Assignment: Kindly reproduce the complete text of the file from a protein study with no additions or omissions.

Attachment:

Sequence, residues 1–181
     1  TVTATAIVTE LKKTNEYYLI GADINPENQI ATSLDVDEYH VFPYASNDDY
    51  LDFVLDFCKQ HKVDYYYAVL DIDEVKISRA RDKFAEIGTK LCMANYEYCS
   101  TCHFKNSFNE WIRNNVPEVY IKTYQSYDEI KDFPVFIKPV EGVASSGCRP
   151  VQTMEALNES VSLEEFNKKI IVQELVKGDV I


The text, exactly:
Sequence, residues 1–181
     1  TVTATAIVTE LKKTNEYYLI GADINPENQI ATSLDVDEYH VFPYASNDDY
    51  LDFVLDFCKQ HKVDYYYAVL DIDEVKISRA RDKFAEIGTK LCMANYEYCS
   101  TCHFKNSFNE WIRNNVPEVY IKTYQSYDEI KDFPVFIKPV EGVASSGCRP
   151  VQTMEALNES VSLEEFNKKI IVQELVKGDV I